“Below The Salt” by Steeleye Span - album review

TJR says

At the medieval food table, salt (an expensive and rare commodity of the time) was placed at the centre of the table. Above the salt sat the family and intimates of the household, below the salt sat the servants and dependants. A Steeleye Span album is an education! So consistently brilliant is the fourth set from these British Folk revivalists that it’s a wonder I have only one of theirs in my collection – a wrong which will hopefully be righted in the fullness of time. They’ve had a changing line-up since their formation in 1969, with only Maddy Prior and Tim Hart still being in place by the time of this one. “Below The Salt” was their first on Chrysalis; thankfully there are no commercial concessions as they continue to mine the traditional books for songs which date back anywhere between 100 to 700 years. They line up: Maddy Prior (25, vocals); Tim Hart (24, vocals, appalachian dulcimer, guitar); Peter Knight (25, violin, viola, mandolin, banjo, piano, vocals); Rick Kemp (30, bass, drum, vocals) and Bob Johnson (28, guitar, vocals).

Opener “Spotted Cow” is as English as they come, as chivalrous gent assists helpless maid to find her lost cow. It’s very charming and easy to hear why it was a great live favourite at the time. “Royal Forester”, the lyrics of which date to 1293, comes from a long tradition of folk songs where men deflower young maidens and then run, although, here, the female protagonist gets the upper hand in the end, forcing the bad lad into marriage thus elevating her status. The LP goes from strength to strength as “King Henry” opens up side 2, as Maddy steps aside from lead vocals and Rick Kemp steps up. In this ballad, the king must appease the loathly (ugly) lady as she demands sexual favour from him; in fear of his very life he agrees. “Her teeth were like the tether stakes, her nose like club or mell, and nothing less she seemed to be, than a fiend that comes from hell” The next morning, he is surprised as he awakens with a beautiful woman; a curse has seemingly been broken and his beast has become a beauty. The mesmerizing brilliance is maintained on “Gaudete”; of all the sacred Christmas carols which have been sung A Capella entirely in Latin this is, undoubtedly, my favourite. Amazingly, it became a massive Festive hit, reaching number 14 on the UK charts. When it was performed on Top of the Pops, Pan’s People (the show’s resident dance troupe) walked onto the set in medieval-style robes, holding candles, followed by the members of Steeleye Span. There’s not many like them around; this is a bedazzling gem.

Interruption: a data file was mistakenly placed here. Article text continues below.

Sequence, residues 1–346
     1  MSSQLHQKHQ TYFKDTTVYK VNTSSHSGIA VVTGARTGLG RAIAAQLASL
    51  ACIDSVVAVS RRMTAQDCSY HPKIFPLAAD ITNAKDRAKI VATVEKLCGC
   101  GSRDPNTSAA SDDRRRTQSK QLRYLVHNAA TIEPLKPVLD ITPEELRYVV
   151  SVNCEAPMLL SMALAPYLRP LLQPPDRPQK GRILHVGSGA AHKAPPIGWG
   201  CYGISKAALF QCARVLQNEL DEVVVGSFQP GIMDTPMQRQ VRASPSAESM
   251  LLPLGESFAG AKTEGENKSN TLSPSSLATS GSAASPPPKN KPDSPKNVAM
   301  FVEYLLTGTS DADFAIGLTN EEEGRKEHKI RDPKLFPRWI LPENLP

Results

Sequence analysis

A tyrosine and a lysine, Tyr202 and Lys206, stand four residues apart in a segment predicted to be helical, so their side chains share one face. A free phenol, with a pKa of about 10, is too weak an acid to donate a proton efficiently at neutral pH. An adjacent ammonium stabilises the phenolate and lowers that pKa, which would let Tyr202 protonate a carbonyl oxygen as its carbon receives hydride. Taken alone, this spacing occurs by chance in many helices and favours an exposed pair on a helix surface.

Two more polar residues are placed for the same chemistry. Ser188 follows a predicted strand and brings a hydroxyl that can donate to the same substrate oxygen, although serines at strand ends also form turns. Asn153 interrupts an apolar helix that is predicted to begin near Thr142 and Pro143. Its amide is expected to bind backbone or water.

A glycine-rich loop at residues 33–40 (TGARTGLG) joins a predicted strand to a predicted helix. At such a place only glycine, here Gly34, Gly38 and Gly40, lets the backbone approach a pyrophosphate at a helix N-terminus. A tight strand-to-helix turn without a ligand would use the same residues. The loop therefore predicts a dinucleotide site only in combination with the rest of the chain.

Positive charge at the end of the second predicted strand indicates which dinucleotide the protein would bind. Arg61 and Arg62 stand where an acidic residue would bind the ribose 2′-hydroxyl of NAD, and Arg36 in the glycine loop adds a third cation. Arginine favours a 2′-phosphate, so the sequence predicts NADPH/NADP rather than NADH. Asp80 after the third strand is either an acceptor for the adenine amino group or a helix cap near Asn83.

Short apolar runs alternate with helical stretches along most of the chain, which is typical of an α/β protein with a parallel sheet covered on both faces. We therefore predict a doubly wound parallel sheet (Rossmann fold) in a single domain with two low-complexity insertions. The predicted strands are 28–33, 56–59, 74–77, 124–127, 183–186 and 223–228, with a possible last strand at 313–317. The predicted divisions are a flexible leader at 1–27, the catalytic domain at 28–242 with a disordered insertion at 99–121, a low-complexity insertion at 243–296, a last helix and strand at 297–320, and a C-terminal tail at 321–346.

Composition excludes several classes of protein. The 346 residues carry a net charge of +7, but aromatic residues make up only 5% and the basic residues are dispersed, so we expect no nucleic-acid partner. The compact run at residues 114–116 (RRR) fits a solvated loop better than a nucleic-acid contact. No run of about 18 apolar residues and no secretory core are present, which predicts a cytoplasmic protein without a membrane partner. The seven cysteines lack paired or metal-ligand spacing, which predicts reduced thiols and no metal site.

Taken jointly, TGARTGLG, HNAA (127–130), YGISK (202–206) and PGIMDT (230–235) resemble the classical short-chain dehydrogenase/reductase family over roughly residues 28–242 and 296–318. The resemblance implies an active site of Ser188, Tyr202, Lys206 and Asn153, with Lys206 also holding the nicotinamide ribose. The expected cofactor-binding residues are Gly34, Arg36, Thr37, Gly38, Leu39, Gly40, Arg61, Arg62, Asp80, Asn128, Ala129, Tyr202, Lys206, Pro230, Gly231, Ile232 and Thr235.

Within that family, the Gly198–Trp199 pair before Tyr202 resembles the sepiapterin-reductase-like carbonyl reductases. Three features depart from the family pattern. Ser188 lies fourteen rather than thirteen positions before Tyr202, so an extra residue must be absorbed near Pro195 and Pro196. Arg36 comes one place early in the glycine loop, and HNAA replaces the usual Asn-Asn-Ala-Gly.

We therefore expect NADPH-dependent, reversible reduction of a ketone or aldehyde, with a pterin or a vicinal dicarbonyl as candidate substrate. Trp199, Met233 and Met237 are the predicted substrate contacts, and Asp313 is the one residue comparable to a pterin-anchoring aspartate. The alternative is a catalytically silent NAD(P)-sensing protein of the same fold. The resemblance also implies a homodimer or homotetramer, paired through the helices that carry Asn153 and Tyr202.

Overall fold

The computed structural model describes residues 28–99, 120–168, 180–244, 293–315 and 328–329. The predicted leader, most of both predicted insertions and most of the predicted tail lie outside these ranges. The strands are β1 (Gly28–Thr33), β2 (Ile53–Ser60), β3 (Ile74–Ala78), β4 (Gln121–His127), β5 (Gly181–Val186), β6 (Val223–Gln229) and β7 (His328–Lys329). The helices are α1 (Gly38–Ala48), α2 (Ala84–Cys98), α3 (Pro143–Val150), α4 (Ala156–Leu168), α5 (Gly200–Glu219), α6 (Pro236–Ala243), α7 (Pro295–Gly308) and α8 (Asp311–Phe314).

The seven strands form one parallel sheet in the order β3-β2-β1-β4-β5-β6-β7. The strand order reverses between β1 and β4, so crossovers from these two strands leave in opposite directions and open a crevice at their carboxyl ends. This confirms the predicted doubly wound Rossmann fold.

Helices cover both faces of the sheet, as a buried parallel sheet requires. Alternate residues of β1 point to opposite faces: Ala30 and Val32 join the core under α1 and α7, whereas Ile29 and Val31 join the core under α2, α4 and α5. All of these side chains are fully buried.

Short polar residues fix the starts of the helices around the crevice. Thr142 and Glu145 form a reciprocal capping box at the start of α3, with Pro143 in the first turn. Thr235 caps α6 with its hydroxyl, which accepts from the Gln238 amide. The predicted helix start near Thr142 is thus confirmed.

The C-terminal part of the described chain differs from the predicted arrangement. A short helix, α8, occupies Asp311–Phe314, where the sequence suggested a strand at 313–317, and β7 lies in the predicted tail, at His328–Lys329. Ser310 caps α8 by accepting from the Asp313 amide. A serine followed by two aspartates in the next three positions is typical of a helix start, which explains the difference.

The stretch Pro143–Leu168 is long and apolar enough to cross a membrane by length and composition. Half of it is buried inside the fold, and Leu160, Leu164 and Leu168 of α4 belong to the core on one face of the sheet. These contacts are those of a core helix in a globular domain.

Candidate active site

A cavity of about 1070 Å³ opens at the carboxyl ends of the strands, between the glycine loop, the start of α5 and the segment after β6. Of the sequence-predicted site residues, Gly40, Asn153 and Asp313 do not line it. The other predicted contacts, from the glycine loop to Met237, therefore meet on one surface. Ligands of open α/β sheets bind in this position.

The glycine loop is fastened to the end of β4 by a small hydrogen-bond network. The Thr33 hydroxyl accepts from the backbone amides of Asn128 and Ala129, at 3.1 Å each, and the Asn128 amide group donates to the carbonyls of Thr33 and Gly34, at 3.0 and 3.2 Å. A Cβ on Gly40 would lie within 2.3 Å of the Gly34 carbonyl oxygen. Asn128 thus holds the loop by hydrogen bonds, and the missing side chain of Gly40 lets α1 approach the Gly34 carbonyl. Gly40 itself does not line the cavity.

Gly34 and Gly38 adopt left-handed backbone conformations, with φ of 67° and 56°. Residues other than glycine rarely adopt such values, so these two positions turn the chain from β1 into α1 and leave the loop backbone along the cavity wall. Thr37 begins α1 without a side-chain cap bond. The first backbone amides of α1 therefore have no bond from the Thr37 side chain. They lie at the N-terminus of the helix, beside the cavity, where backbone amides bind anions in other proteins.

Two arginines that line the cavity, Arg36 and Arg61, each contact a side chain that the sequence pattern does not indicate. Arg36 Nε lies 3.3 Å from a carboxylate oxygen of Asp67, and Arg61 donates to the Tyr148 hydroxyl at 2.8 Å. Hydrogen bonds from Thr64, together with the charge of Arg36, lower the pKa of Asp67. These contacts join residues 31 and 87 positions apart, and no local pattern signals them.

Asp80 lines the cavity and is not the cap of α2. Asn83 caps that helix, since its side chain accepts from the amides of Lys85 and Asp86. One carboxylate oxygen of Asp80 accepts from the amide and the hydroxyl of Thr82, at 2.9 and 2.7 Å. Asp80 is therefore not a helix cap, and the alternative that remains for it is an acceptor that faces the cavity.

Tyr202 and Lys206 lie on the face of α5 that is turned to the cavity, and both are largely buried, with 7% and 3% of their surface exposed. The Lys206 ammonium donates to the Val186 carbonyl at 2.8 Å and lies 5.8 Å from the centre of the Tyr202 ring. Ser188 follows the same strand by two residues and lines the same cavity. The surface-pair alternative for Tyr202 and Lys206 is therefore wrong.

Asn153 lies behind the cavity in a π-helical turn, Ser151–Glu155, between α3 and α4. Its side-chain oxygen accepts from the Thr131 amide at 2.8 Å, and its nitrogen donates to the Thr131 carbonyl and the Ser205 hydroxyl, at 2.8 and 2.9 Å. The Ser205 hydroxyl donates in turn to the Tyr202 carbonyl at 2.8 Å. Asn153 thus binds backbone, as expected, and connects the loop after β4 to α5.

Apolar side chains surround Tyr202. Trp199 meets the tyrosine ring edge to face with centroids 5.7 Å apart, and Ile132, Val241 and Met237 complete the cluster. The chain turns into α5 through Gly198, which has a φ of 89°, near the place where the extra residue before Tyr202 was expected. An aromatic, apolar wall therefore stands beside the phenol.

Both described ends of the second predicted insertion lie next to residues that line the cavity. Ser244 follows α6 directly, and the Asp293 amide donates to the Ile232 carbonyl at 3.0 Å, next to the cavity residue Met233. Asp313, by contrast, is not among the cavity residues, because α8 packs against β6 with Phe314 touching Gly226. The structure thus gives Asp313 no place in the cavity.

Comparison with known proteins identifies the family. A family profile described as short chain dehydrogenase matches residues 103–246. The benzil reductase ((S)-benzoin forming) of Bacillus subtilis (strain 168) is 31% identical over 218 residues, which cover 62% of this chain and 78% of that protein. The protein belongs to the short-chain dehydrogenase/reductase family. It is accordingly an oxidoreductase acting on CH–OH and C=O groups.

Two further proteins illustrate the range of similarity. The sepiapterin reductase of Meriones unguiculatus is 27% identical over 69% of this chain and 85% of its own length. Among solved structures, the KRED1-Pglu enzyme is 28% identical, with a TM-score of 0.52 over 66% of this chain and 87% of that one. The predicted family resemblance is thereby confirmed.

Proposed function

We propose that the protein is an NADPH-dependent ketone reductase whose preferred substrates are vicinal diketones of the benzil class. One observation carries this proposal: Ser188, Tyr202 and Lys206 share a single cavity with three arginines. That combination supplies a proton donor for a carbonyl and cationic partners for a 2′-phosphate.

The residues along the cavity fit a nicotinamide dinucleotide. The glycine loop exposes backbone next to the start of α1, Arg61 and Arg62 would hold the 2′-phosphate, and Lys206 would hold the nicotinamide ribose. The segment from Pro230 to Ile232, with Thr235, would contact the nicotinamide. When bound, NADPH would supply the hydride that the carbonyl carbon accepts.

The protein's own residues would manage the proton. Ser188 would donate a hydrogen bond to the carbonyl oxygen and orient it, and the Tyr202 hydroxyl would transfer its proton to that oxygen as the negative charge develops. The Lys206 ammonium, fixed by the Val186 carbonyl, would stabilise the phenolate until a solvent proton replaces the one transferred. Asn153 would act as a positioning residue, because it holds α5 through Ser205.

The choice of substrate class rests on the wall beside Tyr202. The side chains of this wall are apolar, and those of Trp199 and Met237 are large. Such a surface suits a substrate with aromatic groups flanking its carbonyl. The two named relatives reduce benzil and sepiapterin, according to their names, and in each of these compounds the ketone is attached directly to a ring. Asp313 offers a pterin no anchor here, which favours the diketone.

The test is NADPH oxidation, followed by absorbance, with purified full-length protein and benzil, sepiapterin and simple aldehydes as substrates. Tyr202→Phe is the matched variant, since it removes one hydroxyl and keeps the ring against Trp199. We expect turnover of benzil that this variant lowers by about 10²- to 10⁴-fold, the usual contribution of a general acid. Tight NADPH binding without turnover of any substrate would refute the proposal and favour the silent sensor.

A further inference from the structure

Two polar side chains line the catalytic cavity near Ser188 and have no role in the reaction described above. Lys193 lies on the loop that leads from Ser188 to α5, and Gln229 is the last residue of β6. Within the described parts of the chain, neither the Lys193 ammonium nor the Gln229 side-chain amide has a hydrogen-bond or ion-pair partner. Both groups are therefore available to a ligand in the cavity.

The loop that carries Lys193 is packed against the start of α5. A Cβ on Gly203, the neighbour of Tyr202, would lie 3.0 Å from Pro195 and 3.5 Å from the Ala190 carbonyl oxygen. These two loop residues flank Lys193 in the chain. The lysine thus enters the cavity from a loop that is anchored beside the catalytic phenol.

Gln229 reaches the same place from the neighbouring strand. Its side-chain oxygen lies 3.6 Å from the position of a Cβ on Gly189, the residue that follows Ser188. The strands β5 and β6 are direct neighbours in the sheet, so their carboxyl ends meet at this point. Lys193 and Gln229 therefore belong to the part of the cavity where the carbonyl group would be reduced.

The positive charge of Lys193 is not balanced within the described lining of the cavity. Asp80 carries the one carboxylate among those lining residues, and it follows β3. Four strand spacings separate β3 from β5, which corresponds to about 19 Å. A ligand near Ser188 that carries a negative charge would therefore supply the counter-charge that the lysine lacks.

The Jukebox Rebel
02-Jan-2011

A1 [03:01] 7.9.png Steeleye Span - Spotted Cow (Traditional) Folk
A2 [03:36] 7.3.png Steeleye Span - Rosebud In June (Traditional) Folk
A3 [03:06] 7.2.png Steeleye Span - Jigs: The Bride’s Favourite / Tansey’s Fancy (Traditional) Folk
A4 [04:39] 7.1.png Steeleye Span - Sheep-Crook And Black Dog (Traditional) Folk
A5 [04:29] 8.7.png Steeleye Span - Royal Forester (Traditional) Folk
B1 [07:03] 8.9.png Steeleye Span - King Henry (Traditional) Folk
B2 [02:21] 8.8.png Steeleye Span - Gaudete (Traditional) Folk
B3 [04:42] 7.9.png Steeleye Span - John Barleycorn (Traditional) Folk
B4 [05:45] 6.8.png Steeleye Span - Saucy Sailor (Traditional) Folk




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